A shout out to Marcia Ambler for sharing, via email, her memories of Mexico City in the 1950s. Among other things, she recalled how she lived as a child with her family, “in a suburb of Mexico City, where there was a deep barranca with people who lived as cliff dwellers in the barranca walls. There was also a cave nearby with a deep drop which I went in with my friends.”
Her email brought back some fond personal memories of Mexico City from the late 1970s and early 1980s. Shortly after I moved to the city, Time Life published The Great Cities: Mexico City, by John Cottrell. I found this book fascinating at the time, and a quick re-read earlier this week confirms that it still well worth looking for (inexpensive copies available via Abebooks) if you are interested in what makes one of the world’s largest cities tick.
Like most Time Life books, it is lavishly illustrated, which brings me back to the caves and cave dwellers, since one of the photos (above), by Harold Sund shows the area that Marcia remembers, and which was also my first introduction to the curious world of relatively modern-day troglodytes in Mexico City.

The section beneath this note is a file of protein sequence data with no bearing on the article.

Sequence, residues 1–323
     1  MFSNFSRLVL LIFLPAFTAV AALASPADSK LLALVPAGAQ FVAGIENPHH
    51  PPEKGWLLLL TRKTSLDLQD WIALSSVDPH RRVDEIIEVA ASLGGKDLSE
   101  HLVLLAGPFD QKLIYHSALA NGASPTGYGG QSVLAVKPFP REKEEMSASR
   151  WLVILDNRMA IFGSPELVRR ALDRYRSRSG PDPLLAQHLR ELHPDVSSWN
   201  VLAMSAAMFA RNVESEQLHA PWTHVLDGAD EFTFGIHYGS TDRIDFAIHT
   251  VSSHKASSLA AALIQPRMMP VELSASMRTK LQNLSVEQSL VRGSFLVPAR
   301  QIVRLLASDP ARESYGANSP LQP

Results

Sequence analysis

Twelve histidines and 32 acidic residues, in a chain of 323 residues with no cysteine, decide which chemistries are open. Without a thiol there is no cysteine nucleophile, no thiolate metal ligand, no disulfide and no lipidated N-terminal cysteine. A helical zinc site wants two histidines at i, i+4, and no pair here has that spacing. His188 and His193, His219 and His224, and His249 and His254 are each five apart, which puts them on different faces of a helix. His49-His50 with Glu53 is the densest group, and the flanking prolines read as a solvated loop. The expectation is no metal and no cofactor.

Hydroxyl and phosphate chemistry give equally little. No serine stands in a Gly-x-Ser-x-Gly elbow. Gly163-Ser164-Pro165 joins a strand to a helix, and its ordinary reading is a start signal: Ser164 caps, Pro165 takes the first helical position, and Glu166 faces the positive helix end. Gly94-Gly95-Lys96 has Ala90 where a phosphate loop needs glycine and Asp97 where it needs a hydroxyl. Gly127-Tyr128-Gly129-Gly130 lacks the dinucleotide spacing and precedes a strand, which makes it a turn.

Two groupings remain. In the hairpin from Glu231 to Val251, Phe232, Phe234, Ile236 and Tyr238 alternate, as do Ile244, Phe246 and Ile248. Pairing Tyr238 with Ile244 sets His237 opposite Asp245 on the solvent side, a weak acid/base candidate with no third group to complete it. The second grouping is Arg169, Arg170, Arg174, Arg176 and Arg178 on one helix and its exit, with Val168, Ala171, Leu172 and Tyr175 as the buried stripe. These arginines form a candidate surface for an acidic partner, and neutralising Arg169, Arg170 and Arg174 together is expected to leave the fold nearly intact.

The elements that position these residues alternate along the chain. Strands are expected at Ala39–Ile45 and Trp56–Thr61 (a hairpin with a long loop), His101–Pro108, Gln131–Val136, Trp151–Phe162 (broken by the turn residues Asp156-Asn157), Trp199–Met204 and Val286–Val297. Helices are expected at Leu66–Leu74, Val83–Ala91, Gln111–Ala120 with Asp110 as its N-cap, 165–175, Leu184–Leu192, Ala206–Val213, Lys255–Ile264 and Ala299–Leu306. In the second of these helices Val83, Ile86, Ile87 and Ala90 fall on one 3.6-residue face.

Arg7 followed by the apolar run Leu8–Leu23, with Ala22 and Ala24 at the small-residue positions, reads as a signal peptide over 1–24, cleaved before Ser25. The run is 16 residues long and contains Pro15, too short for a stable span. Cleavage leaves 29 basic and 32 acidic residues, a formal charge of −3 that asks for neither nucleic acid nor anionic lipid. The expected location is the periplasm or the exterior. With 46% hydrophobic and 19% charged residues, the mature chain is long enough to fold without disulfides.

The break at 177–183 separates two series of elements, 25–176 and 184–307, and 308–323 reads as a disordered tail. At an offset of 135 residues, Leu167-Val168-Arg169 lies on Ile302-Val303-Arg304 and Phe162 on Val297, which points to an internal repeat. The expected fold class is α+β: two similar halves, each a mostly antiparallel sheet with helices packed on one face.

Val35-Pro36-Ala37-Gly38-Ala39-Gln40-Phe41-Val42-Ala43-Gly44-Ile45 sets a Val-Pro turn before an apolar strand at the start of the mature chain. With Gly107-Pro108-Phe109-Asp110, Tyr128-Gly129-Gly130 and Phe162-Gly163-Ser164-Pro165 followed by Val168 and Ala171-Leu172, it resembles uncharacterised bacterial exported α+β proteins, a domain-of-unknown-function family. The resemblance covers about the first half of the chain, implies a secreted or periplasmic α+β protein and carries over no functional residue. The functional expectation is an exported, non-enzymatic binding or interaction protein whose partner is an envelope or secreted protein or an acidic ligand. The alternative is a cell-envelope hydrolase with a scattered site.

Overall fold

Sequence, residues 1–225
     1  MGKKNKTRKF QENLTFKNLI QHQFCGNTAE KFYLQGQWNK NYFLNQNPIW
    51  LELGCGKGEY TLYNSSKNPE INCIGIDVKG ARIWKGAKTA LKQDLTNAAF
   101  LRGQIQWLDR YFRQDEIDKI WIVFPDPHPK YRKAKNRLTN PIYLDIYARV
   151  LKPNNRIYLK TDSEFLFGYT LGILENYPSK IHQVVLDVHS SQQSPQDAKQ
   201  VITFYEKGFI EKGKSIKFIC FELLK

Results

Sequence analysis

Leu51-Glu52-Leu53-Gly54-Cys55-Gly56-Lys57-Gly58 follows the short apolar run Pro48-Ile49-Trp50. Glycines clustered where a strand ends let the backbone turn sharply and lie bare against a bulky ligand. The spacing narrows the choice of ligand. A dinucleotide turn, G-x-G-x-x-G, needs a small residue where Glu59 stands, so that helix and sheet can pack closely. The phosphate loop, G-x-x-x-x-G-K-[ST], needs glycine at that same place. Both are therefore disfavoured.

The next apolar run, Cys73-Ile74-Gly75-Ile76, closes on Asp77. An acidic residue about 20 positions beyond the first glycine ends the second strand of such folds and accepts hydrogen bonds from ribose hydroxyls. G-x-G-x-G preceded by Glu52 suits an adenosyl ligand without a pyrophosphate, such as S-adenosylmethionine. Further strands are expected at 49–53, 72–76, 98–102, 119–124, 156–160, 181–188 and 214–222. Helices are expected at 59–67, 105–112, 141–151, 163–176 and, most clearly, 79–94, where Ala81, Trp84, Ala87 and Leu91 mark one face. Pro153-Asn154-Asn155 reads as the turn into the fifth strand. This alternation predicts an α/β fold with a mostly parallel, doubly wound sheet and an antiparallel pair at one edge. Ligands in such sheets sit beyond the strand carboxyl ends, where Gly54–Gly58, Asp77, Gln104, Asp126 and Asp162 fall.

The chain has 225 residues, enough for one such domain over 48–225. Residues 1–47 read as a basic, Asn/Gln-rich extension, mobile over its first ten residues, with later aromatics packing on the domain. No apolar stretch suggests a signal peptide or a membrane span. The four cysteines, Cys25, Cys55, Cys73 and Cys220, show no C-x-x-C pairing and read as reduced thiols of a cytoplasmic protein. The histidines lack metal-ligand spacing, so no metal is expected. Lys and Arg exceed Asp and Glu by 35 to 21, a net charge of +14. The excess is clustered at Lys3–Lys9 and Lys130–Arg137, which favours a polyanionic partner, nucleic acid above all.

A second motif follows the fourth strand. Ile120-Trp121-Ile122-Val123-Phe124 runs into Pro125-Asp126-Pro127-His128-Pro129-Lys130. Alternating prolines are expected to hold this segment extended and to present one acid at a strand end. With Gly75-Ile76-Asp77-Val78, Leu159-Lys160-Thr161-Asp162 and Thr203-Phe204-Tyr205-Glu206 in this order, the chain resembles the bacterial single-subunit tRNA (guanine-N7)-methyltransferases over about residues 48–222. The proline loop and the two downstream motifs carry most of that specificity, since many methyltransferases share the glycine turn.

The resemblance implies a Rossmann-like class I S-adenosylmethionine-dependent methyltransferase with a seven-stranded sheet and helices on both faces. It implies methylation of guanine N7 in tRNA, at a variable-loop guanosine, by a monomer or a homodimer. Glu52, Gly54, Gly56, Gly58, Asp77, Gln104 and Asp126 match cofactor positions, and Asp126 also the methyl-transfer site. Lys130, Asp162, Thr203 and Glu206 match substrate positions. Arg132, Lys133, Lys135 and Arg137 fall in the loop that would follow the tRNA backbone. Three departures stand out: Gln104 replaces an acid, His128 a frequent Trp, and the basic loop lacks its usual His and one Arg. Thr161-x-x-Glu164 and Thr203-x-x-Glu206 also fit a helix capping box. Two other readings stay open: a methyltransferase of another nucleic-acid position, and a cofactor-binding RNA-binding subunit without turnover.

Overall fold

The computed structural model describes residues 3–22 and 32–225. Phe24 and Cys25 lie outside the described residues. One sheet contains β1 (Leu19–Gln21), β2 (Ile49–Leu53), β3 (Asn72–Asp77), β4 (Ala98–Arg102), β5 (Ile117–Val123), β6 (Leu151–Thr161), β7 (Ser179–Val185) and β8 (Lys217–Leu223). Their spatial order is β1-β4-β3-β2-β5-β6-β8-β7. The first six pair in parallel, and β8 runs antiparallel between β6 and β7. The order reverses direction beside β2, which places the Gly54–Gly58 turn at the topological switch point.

Sund’s photo shows the Belén de las Flores community, relatively close to western end of Chapultepec Park, though there may well have been, and almost certainly were, several similar settlements elsewhere. This short newspaper article, from the Bangor Daily News in 1978, describes the “year-round comfort” that can be enjoyed in such caves.
I haven’t had the opportunity to revisit this area of Mexico City for more than thirty years, so I’m anxious to know what it looks like now.
Sincere thanks, Marcia, for your message which certainly took me on a trip down memory lane!
Source of photo:
- John Cottrell. 1979. The Great Cities: Mexico City (Time Life Books, 1979). Photography by Harold Sund.
- The geography of Mexico City: index page
- Santa Fe, a case study of a real estate development on Mexico City’s periphery
- A case study of low-income housing on the urban periphery
- Vecindades, Mexico City’s inner-city slums (Jul 2010)
- Nezahualcoyotl, an irregular settlement which grew into a monster (Jul 2010)
- Informal settlements or “colonias populares” in Mexico’s cities